The stalls in here mainly sell modern art & craft goods with some clothes and other bits and pieces too. One of my favourite shops here is Lock One which sells modern and traditional batiks. They are happy to sell the pieces unframed if that's more convenient for you and can provide the basic timber for making a frame too, if required. I bought a huge modern piece by an artist called Arifin (similar to this but square) as a reward to myself last November when I won a big contract.

If you enter by turning left up a little hill directly after crossing over the bridge you'll find yourself in the East Yard (shown on the market first floor map listed on the web page above). The stalls here are mainly aimed at a younger audience but are pleasant to browse through - there's a stall selling hand made soaps, one selling pretty velour scarves at low prices, another selling carved wooden items from Africa. You can enter the first floor of the Market Hall from here, and it takes you in right by Lock One.

As you can see from this map there are a maze of connected buildings and open areas.

The West Yard offers more of the same as the East Yard but also houses one of the numerous open food stall areas.

After the Market Hall (for arts and crafts) spend as much or as little time as you fancy browsing these areas.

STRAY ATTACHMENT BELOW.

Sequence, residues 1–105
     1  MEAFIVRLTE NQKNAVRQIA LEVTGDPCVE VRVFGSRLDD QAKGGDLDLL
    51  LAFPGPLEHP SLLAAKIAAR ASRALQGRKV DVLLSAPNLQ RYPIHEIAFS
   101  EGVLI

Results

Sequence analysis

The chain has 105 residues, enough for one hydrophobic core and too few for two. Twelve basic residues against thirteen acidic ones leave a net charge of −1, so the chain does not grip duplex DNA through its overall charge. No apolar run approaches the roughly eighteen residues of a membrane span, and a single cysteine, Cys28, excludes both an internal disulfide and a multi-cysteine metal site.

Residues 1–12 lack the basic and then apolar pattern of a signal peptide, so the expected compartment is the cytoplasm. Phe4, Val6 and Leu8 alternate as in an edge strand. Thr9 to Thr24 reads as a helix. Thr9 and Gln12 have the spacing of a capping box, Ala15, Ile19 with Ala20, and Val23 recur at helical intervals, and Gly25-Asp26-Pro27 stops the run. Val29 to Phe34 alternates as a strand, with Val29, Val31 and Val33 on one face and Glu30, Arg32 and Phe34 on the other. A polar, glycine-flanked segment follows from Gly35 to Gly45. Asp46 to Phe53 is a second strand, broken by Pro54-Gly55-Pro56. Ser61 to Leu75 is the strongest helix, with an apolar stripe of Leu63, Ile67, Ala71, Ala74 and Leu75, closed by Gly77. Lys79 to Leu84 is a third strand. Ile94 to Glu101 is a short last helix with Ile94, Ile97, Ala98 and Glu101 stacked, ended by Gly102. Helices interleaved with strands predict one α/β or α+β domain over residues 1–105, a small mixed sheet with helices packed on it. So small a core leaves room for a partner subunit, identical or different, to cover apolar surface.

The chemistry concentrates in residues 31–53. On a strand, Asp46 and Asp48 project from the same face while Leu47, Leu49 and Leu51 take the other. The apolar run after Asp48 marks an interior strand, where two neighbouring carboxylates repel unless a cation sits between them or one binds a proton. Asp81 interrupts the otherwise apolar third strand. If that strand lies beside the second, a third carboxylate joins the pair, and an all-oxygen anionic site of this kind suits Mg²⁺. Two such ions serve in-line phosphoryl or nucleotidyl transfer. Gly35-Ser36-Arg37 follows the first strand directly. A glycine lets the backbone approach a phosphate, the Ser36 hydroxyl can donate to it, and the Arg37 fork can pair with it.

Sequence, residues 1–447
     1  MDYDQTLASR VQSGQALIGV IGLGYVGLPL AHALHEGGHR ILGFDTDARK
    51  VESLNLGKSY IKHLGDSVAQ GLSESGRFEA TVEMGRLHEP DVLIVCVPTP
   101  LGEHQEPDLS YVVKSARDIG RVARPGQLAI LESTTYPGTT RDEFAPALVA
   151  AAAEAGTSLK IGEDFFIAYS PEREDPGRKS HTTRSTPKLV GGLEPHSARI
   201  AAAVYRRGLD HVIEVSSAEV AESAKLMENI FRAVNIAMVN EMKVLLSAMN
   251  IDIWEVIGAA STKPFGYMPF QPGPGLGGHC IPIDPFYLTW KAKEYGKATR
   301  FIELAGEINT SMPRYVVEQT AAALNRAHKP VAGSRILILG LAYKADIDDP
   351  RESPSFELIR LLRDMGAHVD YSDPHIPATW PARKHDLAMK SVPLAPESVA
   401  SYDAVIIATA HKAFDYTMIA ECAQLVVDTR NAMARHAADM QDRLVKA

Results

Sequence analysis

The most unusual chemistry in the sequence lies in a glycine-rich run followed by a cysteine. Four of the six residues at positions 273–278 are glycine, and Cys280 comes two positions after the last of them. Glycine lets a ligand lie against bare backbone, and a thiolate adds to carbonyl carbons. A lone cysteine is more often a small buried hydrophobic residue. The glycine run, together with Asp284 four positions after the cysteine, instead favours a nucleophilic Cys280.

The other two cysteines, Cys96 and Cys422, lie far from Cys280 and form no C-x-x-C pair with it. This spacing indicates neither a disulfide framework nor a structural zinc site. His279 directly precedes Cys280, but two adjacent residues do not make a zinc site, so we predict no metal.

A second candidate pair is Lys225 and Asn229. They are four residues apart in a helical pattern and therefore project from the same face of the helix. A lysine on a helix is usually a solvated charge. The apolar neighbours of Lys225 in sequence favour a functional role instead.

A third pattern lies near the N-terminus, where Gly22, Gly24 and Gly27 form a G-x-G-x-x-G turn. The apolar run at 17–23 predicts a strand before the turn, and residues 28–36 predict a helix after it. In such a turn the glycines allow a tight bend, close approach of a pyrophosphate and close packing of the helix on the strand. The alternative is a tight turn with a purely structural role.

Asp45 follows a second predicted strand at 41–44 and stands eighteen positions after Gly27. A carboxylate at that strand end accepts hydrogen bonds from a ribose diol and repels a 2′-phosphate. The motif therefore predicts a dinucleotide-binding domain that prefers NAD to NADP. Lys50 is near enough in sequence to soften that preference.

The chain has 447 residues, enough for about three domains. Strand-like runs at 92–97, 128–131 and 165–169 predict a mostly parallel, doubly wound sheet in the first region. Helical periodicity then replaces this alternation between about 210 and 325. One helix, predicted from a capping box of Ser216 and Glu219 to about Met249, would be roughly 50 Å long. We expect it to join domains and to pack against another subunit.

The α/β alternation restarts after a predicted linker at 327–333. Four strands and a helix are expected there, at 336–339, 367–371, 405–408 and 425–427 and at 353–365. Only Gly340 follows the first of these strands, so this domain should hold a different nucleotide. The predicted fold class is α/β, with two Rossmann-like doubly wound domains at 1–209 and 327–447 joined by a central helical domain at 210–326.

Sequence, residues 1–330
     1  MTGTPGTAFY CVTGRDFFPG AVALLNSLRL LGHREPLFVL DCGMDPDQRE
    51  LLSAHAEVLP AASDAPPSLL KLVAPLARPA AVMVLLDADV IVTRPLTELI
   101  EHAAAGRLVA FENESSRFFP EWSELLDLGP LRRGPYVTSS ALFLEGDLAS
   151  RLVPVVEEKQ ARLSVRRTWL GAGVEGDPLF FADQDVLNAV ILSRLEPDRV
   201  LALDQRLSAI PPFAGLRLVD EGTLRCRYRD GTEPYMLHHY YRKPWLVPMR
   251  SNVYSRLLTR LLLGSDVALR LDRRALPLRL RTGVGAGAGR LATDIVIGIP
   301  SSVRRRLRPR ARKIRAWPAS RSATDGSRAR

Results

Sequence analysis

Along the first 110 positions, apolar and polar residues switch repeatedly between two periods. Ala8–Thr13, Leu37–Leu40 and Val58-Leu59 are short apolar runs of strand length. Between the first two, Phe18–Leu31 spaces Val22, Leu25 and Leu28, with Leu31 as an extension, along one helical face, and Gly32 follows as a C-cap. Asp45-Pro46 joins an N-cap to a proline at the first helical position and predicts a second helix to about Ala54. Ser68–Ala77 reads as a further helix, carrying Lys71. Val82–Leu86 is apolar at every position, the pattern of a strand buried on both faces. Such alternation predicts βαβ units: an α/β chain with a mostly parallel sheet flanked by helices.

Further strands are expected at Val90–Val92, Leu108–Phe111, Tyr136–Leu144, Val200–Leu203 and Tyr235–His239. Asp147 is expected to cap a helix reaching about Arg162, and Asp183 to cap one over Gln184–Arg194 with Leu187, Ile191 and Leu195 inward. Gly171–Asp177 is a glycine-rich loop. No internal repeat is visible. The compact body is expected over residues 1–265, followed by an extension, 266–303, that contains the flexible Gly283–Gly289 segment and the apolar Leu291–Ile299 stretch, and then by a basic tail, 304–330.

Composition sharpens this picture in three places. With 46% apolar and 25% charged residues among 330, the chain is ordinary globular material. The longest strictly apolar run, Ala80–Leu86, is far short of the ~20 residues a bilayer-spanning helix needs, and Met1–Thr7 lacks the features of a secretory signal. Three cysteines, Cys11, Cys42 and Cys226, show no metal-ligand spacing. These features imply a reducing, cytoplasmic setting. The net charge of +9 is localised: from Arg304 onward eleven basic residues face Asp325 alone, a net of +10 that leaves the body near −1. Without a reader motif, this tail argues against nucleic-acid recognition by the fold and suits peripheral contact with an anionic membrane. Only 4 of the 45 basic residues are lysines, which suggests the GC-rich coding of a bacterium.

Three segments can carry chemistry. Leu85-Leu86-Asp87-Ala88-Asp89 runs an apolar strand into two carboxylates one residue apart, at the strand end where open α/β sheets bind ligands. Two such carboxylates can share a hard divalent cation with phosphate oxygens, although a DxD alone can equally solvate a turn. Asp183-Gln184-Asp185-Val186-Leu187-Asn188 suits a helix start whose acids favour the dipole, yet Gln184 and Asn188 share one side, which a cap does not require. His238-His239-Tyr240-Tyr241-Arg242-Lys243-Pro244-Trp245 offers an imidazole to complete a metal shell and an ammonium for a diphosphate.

Then come back out onto the high street, which turns into Chalk Farm Road as it passes beneath the railway bridge, and continue away from Camden Town tube station.

You'll soon find a break in the wall that allows you to enter the Stables Market area, a vast area.

Some of this area (towards Camden Lock Place) consists of youth-oriented clothes stores and the loud beating music spills out of each door. I ignore these areas and continue northwards.

Near the second gate into the Stables you'll find another open stall food area with shared bench seating and some roofing cover provided.

Northwards, en route to the Antiques Passage, you'll find stalls that sell a range of modern goods (such as one stall selling modern chinese crockery and another selling indian and indonesian furniture) as well as a number selling second hand items such as clothes.

The Arches (furthest from Chalk Farm Road) contain the main concentration of second hand clothes etc. Cheap stuff, ignore most of it.